Classification Overview: Vampire squids are neither squid nor octopuses. They are the sole members of the order Vampyromorphida.  


Though it will occasionally hunt a live animal, the vampire squid is primarily a detritivore. In the deep ocean, there aren’t too many options. In order to fulfill its energy needs, the slimy invertebrate grazes on any biotic material that sinks down from the waters above. The nutrient-rich “marine snow,” is composed of decomposing plants and animals. Marine snow is the food that supports most of the vampire squid’s activities. Much of the “marine snow” that floats down are infused with bioluminescent organisms. A theory stands that the vampire squid repurposes this bioluminescence for its own glowing mucus!

In addition to the detritus, vampire squids are opportunistic hunters. If they have a chance at some tasty fish or crustaceans, they won’t be picky!

Diet Overview: The vampire squid is a detritivore and opportunistic carnivore eating a combination of crustaceans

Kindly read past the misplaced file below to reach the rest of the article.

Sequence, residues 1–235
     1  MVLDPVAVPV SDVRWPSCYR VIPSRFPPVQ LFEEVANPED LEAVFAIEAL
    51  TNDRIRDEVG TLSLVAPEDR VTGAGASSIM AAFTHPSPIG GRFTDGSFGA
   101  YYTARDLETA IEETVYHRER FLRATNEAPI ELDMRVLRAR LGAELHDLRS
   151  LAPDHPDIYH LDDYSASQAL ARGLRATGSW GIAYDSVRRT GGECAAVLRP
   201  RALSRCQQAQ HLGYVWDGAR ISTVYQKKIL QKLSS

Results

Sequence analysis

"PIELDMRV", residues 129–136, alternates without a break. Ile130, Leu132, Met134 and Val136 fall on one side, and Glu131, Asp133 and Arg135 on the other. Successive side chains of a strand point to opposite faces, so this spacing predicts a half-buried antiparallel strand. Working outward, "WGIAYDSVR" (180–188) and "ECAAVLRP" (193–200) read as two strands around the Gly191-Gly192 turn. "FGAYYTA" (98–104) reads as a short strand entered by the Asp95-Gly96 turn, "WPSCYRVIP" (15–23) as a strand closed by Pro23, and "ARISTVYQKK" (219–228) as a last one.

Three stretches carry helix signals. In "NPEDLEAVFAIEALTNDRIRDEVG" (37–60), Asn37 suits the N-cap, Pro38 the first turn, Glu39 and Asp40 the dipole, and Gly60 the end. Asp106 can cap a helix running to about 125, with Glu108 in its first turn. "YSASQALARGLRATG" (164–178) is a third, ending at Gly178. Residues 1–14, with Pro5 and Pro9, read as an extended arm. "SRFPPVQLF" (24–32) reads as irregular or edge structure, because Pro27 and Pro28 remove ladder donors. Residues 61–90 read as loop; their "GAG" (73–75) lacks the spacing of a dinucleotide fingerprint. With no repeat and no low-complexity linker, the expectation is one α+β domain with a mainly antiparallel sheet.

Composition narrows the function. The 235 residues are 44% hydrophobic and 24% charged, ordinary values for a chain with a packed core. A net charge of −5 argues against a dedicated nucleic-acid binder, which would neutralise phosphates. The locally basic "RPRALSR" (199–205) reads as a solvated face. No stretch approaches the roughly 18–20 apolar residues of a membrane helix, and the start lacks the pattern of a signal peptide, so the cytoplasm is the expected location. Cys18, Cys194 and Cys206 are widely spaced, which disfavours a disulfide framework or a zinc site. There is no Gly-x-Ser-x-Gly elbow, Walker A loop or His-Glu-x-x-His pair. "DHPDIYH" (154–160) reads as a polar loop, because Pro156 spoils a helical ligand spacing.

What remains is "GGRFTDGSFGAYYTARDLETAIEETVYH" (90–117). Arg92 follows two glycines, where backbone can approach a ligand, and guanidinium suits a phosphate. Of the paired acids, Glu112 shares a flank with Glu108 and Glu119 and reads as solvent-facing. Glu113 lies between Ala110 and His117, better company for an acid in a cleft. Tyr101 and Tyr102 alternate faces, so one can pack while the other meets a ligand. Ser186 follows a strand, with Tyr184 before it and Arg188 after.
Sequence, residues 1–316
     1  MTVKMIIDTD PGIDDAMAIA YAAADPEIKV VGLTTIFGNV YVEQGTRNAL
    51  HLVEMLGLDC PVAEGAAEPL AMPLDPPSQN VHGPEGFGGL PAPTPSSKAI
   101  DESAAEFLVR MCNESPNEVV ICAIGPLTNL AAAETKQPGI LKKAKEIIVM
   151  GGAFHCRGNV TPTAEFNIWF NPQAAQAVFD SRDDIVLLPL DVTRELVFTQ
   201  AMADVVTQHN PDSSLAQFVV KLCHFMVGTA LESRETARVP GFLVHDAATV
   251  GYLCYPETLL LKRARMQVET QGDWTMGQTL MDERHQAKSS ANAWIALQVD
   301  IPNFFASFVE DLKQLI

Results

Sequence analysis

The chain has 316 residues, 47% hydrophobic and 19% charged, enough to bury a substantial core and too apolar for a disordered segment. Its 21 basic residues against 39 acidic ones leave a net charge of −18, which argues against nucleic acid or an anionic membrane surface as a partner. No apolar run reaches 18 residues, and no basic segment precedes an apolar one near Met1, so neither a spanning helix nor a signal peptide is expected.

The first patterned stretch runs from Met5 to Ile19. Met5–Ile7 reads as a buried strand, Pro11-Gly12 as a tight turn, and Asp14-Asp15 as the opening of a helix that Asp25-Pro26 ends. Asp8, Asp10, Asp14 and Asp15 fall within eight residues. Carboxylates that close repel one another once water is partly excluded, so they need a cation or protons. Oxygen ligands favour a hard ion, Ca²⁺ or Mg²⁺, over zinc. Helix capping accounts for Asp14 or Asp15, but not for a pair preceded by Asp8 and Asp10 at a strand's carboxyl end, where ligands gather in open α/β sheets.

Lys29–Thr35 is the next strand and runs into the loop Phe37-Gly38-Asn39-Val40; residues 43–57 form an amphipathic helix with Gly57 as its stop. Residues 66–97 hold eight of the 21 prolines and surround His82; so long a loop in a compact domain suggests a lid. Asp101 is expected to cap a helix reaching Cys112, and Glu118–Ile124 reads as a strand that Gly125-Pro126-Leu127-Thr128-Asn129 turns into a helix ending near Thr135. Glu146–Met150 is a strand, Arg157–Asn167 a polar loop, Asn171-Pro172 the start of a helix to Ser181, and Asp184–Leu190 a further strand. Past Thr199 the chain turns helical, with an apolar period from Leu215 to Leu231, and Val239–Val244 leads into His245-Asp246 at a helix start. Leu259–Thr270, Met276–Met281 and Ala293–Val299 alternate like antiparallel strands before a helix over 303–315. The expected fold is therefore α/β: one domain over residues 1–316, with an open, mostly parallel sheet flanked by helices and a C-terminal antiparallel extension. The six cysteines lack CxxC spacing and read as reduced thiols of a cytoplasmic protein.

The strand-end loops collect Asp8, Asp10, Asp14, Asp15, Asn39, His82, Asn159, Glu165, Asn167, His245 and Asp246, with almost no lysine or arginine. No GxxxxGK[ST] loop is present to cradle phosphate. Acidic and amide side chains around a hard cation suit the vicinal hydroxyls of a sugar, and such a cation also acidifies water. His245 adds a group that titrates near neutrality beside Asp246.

Life Cycle

Because of their difficulty to study, the life cycle of the vampire squid isn’t very well known. However, scientists have observed juveniles in the wild. Interestingly, the hatchlings are found even deeper in the ocean than the adults. From this, we can infer that spawning happens in these greater depths. 

Similar to other cephalopods, females are fertilized after receiving spermatophores from the male. But unlike their cousins that die after laying eggs, the female vampire squid can lay multiple clutches over the years. After hatching, the baby squids live off of a stored internal yolk until they can fend for themselves. Juveniles propel themselves with jet propulsion, but as they grow up, they rely more on their fins. Scientists estimate that they can live for around eight years, but their life span remains a bit of a mystery.

Predator Defense Behavior

As we’ve learned, V. infernalis is not the terrifying monster it’s cracked up to be. On the contrary, it is a quiet, peaceful creature. However, that doesn’t mean the small squid is safe from other deep-sea predators. A number of other animals enjoy vampire squid for dinner, and our slimy friends need to watch out for large fish and even whales! 

Inside Out Horror Show